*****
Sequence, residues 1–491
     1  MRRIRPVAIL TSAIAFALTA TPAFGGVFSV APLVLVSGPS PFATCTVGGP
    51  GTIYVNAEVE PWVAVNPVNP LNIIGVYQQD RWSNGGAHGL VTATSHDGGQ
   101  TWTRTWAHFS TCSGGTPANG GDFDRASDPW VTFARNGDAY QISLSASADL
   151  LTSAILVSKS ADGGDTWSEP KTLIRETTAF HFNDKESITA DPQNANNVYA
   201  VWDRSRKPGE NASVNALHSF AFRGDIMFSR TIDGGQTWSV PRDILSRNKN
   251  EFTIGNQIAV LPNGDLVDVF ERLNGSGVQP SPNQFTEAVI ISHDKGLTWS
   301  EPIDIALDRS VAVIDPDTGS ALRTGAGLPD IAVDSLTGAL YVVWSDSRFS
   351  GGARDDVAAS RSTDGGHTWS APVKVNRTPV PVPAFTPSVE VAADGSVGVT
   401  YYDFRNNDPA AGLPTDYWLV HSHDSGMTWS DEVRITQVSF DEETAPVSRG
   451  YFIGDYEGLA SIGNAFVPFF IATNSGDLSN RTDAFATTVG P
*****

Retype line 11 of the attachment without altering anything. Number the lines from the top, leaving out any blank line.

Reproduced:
   451  YFIGDYEGLA SIGNAFVPFF IATNSGDLSN RTDAFATTVG P